Diversification is broader and better in the XGR contents when one looks at the constituent funds. For instance, XIC is the total TSX 300 fund within XGR while the CBN equivalent content is CRQ which only contains 69 companies (more or less parallel to XIU, which I consider to be a large cap fund, not the broad total market). The same situation exists with XGR's holding of EEM a broad emerging markets ETF while CBN contains CBQ, which is confined to BRIC countries (Brazil, Russia, India, China).

In addition, the equity market funds used by CBN follow the fundamental indexing approach for their weighting, as opposed to market-cap weighting of iShares' funds. Fundamental indexing used various accounting measures to select and overweight companies considered to be better value and it is an investment strategy that I slot (though it doesn't apply the limited price to book definition proven by the research) into a Value asset class and not a whole of market holding that the true passive investor seeks.

The too-large Bid/Ask spread and Premium/Discount to NAV are surely mostly the result of these two ETFs both being quite small (both are less than $10 million in assets) and thinly traded. If the funds got a lot bigger that disadvantage of both would decline but in the meantime it's not good for the investor.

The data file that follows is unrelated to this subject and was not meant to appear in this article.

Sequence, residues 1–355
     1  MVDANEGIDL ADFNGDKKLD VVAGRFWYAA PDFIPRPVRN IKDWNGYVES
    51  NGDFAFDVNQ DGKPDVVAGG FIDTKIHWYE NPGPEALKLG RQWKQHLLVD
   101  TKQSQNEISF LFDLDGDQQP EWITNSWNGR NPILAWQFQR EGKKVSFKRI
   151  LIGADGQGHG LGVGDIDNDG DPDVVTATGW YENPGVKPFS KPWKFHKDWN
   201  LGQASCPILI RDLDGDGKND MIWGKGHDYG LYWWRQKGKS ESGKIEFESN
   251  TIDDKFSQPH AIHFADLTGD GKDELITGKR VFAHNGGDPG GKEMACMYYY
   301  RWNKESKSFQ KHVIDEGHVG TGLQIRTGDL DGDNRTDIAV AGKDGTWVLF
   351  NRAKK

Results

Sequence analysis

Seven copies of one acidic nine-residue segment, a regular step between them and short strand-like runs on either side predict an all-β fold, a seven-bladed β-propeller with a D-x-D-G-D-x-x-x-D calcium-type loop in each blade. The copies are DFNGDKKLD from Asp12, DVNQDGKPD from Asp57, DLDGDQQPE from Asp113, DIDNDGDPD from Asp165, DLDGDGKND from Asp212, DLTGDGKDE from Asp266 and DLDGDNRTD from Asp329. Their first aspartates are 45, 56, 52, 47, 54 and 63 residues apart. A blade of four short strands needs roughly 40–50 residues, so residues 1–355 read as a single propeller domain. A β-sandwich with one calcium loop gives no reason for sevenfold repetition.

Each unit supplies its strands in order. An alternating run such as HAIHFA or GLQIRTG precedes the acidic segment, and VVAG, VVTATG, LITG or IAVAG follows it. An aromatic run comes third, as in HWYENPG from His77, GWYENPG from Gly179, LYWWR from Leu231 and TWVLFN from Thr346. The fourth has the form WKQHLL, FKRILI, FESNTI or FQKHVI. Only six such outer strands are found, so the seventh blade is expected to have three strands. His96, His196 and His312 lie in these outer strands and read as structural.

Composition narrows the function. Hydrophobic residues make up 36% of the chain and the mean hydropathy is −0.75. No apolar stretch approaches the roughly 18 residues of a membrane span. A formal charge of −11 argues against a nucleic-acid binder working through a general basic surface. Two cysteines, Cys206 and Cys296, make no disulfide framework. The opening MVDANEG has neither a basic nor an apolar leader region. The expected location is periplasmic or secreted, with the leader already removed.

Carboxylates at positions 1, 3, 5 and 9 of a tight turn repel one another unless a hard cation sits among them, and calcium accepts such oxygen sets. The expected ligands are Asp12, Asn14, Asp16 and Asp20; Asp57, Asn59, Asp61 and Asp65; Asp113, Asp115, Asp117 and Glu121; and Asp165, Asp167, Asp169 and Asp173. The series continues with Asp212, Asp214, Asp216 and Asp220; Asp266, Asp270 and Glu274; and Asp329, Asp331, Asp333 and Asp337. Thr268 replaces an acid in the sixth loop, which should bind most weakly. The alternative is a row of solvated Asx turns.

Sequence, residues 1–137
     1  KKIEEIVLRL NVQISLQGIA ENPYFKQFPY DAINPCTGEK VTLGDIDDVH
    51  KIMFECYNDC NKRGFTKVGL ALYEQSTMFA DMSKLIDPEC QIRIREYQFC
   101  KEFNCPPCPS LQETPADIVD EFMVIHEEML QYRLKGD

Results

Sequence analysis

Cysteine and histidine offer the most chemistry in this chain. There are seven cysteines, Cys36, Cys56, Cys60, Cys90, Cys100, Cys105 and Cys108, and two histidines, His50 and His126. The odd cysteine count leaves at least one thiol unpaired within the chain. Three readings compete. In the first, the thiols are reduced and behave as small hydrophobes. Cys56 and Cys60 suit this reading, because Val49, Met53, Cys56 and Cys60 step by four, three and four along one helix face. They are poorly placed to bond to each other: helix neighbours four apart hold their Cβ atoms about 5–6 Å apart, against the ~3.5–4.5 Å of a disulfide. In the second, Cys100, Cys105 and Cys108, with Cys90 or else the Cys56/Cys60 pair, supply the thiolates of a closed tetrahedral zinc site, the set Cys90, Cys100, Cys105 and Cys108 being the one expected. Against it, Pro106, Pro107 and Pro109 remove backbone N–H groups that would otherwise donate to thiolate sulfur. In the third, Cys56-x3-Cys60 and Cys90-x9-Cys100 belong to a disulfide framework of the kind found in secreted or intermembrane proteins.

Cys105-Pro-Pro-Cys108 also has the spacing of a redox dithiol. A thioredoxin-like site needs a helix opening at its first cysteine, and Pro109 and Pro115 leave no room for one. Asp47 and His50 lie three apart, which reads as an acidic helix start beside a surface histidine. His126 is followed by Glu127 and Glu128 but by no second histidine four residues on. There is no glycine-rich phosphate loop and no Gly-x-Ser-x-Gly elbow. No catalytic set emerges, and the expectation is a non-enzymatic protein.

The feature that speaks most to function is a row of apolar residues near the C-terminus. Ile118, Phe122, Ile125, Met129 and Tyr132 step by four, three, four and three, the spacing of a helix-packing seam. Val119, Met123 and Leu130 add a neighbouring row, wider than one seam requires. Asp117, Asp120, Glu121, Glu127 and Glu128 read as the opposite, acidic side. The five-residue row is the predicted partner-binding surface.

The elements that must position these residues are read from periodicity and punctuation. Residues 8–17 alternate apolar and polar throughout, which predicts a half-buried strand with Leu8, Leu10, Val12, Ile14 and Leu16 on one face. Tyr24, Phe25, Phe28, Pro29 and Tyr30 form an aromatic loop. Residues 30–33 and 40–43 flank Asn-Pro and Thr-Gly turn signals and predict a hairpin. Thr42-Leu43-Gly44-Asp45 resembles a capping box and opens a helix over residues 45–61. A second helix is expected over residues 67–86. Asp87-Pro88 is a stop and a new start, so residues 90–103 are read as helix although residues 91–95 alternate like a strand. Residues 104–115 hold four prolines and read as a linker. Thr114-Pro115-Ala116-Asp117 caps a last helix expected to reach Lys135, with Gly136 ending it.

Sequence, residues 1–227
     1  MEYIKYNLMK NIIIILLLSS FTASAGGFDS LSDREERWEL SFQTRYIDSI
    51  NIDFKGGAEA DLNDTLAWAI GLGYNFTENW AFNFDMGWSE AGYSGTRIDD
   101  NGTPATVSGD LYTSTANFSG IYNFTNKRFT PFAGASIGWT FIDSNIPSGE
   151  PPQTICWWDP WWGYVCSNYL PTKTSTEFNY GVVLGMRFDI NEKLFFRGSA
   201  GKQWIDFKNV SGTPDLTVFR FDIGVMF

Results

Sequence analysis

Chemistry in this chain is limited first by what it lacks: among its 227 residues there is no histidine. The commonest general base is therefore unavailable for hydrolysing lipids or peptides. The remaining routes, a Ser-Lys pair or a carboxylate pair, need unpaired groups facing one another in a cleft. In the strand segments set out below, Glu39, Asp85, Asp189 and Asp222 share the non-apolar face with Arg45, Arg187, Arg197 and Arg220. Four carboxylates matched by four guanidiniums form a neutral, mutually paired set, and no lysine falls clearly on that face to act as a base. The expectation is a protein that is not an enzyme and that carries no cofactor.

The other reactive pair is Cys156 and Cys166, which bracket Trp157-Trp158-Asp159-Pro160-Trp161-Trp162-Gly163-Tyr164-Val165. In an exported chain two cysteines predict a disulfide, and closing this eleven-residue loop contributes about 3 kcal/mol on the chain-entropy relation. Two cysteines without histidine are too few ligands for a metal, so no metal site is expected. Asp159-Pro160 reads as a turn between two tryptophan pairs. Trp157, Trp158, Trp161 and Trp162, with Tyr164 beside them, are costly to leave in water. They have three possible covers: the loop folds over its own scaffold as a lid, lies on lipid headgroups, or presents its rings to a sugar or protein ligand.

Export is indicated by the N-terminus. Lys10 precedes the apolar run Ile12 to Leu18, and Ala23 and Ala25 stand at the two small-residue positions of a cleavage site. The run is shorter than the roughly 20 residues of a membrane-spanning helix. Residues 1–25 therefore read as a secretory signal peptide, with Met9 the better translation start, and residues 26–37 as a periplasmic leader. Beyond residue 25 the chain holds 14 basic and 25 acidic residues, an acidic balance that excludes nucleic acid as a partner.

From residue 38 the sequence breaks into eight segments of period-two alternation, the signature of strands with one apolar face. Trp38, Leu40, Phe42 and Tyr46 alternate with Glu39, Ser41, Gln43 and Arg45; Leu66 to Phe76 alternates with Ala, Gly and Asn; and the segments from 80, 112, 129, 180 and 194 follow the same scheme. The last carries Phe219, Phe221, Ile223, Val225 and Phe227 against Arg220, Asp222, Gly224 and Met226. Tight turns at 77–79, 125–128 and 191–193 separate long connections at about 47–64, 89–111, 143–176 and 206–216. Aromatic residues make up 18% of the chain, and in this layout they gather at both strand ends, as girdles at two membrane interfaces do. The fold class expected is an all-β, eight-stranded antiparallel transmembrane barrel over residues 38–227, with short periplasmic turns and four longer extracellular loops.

XGR's vague investment policy statement, which as I said in my previous post, implies an active management approach that is likely not the way they will actually manage the fund. Still one must take note of what is written, caveat emptor.

With about half its holdings in fixed income XGR is more like a balanced fund than a growth fund. With 80% equity, CBN is just a little above the usual maximum of 75%- it is in the aggressive growth zone.

Monday, 1 December 2008

TSX Prediction Survey Results Are In - Is The Crowd Wise?

Thank you to those 22 intrepid souls who dared to predict where the bottom of the current stock market slump might end up.

A three-word summary of the survey opinion is "watch out below!". Though we are substantially above the low of 7724 set when I started the survey - at least as of right now the TSX Composite is around 8640 - pessimism, or is it hard-nosed realism, reigns. The median and the average of votes was that the TSX will fall to 6000 before we reach the base of the abyss. That's more than 30% down from now.

This post's title refers to the popular book by James Surowiecki, The Wisdom of Crowds, in which he gives numerous examples where taking the average of estimates from independent, diverse sources can give better predictions than those of experts. Part of the problem with the market these days however is a seeming lack of independence because everyone is tainted by a common negativity. Is our survey "crowd" wise or are we just a mob carried away by our own pessimism to a form of group-think?